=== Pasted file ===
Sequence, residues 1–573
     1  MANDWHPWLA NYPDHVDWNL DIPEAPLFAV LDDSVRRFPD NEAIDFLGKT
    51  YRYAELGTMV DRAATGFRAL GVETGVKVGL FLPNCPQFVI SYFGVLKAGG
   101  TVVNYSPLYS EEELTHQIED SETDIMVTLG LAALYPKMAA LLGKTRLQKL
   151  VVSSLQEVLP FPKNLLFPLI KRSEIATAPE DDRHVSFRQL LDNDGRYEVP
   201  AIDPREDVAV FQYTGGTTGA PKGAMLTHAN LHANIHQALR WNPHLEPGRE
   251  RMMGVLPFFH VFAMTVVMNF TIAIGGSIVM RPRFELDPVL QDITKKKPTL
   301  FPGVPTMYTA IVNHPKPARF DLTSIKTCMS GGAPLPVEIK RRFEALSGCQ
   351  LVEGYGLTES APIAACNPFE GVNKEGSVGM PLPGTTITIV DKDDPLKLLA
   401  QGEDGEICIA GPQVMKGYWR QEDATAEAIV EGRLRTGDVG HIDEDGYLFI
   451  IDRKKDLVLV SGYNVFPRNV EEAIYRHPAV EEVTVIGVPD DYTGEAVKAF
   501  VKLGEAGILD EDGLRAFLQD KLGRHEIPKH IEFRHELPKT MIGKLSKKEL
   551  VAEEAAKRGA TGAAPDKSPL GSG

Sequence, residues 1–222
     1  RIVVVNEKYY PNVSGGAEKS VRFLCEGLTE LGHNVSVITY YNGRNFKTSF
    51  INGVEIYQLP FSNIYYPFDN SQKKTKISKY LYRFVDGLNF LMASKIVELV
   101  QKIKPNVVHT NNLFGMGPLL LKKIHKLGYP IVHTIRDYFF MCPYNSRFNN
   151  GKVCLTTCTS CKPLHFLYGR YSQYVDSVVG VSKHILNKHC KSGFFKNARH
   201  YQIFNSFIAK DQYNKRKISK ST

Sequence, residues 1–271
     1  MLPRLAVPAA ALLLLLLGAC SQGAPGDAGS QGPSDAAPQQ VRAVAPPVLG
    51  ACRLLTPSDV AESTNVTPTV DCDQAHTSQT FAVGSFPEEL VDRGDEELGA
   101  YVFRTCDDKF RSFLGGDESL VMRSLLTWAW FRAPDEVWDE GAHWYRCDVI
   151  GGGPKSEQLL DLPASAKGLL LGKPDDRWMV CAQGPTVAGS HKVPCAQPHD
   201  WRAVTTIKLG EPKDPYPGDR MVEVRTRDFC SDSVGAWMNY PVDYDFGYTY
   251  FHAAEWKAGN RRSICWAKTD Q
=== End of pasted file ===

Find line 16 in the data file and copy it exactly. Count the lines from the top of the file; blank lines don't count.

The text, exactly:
    51  INGVEIYQLP FSNIYYPFDN SQKKTKISKY LYRFVDGLNF LMASKIVELV